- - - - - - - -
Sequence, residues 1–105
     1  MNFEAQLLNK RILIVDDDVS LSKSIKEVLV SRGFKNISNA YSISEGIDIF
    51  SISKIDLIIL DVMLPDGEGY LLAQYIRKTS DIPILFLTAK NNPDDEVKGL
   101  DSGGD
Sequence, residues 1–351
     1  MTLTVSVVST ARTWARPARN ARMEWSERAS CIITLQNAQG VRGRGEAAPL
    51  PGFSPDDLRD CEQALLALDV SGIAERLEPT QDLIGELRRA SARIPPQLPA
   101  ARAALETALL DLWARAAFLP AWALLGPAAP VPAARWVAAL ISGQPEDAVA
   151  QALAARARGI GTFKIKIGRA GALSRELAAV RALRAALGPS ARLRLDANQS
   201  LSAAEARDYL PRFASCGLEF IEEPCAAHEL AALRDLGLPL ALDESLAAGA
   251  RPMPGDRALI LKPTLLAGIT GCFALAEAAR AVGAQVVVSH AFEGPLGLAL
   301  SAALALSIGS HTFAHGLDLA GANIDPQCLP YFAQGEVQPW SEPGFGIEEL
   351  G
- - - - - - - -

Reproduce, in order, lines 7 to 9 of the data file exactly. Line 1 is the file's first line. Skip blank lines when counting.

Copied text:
    51  PGFSPDDLRD CEQALLALDV SGIAERLEPT QDLIGELRRA SARIPPQLPA
   101  ARAALETALL DLWARAAFLP AWALLGPAAP VPAARWVAAL ISGQPEDAVA
   151  QALAARARGI GTFKIKIGRA GALSRELAAV RALRAALGPS ARLRLDANQS